[Sunlight’s Congress API](http://sunlightlabs.github.io/congress/) receives millions of requests every month for data about all things Congress. Many of these requests include information about a user’s location, generally to look up which members of Congress [represent a given zip code or latitude/longitude pair](http://sunlightlabs.github.io/congress/legislators.html#legislatorslocate).
Since June 2013, Sunlight’s Congress API has supported the use of encryption via HTTPS (`https://`). More recently, we [began recommending HTTPS as the default protocol](http://sunlightlabs.github.io/congress/#using-the-api) to use with our Congress API, though plain HTTP will continue to be supported.
If you’re using our Congress API — **especially** if you use our endpoints that look up congressional representation based upon zip code or latitude/longitude — we **strongly recommend** you use HTTPS. Doing so protects details about API requests from being seen and analyzed by anyone with access to the networks your API requests are traveling across.
Note: HTTPS can’t protect IP addresses from being exposed when you make a request to our (or anyone’s) web services. IP addresses can be used to perform some geolocation, though it’s not as precise or accurate as latitude and longitude.
We’ve updated our major applications that make use of our Congress API to ensure that requests to our API, including location requests, stay encrypted over the wire. [OpenCongress.org](http://www.opencongress.org), [Scout](https://scout.sunlightfoundation.com), and our [Congress app for Android](http://congress.sunlightfoundation.com/android) now encrypt their queries to our APIs, and our [Congress app for iOS](http://congress.sunlightfoundation.com/ios) will begin to do so as of our next app update.
Finally, we’ve made sure that prominent client libraries for our Congress API in [Ruby](http://rubygems.org/gems/congress), [Python](https://pypi.python.org/pypi/sunlight) and [Node](https://npmjs.org/package/sunlight-congress-api) each default to HTTPS for all API communication.
### Why we’re doing this
It may not seem at first glance like information about government data is all that sensitive, but it’s difficult to predict how requests to and from your application can be used in large-scale traffic analysis, and how they can be correlated to user activity on other services.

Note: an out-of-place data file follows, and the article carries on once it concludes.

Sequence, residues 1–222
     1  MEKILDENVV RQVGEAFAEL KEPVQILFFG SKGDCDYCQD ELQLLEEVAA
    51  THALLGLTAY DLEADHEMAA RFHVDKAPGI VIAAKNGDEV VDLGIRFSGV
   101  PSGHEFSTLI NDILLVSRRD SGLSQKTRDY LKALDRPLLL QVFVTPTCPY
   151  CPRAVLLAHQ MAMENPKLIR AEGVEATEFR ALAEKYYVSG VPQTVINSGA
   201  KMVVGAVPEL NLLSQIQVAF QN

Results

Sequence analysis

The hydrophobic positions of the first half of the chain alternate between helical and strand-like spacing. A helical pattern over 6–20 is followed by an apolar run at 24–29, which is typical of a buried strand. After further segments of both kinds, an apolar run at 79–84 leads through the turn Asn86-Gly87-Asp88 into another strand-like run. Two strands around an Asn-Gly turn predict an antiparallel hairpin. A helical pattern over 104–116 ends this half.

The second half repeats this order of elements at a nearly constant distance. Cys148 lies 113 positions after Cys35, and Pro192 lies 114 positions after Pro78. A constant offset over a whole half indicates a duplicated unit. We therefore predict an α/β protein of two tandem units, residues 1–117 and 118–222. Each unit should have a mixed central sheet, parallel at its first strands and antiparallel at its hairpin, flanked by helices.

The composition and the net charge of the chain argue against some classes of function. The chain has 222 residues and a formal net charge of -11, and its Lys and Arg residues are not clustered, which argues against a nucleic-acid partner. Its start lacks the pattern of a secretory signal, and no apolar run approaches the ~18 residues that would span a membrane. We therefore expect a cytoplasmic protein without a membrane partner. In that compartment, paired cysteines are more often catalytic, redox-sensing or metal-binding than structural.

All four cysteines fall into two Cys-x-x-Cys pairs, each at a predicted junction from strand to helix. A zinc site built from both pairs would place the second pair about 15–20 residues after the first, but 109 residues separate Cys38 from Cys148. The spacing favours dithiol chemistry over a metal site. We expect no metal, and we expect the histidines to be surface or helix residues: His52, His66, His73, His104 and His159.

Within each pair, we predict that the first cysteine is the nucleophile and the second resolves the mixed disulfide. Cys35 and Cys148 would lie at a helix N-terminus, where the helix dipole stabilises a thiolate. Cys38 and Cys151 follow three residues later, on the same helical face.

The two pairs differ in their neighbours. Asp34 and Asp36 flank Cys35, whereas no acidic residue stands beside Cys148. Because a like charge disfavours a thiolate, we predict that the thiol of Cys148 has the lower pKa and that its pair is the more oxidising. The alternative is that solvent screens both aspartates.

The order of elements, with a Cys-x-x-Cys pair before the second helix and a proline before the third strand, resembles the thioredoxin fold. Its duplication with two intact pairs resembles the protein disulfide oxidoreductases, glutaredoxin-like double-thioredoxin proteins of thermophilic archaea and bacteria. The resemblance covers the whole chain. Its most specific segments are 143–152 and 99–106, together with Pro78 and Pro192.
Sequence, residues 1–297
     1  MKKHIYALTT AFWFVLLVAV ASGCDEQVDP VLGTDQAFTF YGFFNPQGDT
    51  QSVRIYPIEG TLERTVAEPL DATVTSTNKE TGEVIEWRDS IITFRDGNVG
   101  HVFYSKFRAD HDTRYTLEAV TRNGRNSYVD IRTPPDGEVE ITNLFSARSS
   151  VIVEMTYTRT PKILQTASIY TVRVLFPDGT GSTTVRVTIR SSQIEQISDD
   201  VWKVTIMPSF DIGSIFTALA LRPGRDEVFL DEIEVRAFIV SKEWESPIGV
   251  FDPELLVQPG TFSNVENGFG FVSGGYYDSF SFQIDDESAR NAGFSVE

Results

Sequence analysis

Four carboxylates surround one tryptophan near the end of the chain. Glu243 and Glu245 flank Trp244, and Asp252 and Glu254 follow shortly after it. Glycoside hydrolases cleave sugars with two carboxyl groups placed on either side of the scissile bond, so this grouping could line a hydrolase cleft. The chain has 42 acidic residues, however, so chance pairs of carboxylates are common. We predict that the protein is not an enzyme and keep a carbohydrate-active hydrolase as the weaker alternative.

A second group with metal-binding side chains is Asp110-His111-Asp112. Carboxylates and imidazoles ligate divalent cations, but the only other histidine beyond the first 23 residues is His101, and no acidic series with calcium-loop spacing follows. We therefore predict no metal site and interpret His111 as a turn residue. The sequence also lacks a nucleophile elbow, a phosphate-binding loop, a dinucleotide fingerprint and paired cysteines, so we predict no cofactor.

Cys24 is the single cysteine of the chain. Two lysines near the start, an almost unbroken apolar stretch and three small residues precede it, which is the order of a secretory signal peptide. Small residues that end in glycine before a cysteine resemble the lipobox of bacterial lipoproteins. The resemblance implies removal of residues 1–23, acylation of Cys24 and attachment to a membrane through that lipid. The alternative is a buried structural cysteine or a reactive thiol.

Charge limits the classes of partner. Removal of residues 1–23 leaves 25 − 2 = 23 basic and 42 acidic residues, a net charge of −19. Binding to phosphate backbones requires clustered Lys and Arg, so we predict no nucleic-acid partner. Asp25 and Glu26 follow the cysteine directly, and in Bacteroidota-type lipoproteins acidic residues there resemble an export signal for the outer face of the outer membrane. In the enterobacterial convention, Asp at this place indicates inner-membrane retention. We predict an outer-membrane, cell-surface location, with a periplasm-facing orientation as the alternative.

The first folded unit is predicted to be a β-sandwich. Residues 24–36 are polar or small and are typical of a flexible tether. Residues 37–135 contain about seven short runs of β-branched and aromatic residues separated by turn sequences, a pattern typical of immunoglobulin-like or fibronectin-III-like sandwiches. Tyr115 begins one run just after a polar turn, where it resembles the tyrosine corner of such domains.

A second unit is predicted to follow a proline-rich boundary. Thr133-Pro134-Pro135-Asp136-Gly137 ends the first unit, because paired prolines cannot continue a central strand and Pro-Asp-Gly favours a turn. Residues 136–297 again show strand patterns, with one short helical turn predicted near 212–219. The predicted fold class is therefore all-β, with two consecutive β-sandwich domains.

And really, it’s quite reasonable to think of individuals’ requests for government information — whether it’s for an oversight report or for information about an opposition politician — as sensitive and deserving of protection from analysis.
It’s also extremely easy to do.
### How we’re doing HTTPS
The Congress API is an [open source](https://github.com/sunlightlabs/congress) Ruby application, written in Sinatra, sitting behind nginx and running on Amazon EC2. SSL is terminated on the EC2 instance, by nginx.
We use a [brief, straightforward nginx configuration](https://github.com/sunlightlabs/congress/blob/master/config/nginx/congress-api.conf#L10-L30), with some specific cipher choices, to enable [Forward Secrecy](https://www.eff.org/deeplinks/2013/08/pushing-perfect-forward-secrecy-important-web-privacy-protection) and protect against some basic [attacks](https://community.qualys.com/blogs/securitylabs/2013/09/10/is-beast-still-a-threat). We also use SSL Labs’ excellent SSL benchmarker to [measure our progress](https://www.ssllabs.com/ssltest/analyze.html?d=congress.api.sunlightfoundation.com).
Here’s the relevant excerpt:
### In general
HTTPS is a good thing, whether or not you’re handling or providing sensitive information. There are good reasons [so many major technology providers are turning on HTTPS everywhere](https://www.eff.org/deeplinks/2013/11/encrypt-web-report-whos-doing-what), and that Chrome and Firefox [will require HTTP 2.0 to be encrypted](http://www.mnot.net/blog/2014/01/04/strengthening_http_a_personal_view).
We’ll evaluate the use of HTTPS for our future APIs, and please feel free to [let us know](mailto:firstname.lastname@example.org) if this is important to you. In the case of our Congress API, we’re processing highly precise, sensitive location data on behalf of users all over the United States — many of whom may not even know Sunlight is involved when our API is used as an intermediary lookup service in someone else’s app or campaign — and so we’re going the extra mile to ensure our users’ privacy.
Feb 2, 2014 – Updated text and link to clarify that browsers will be requiring encrypted HTTP 2.0, not the standard.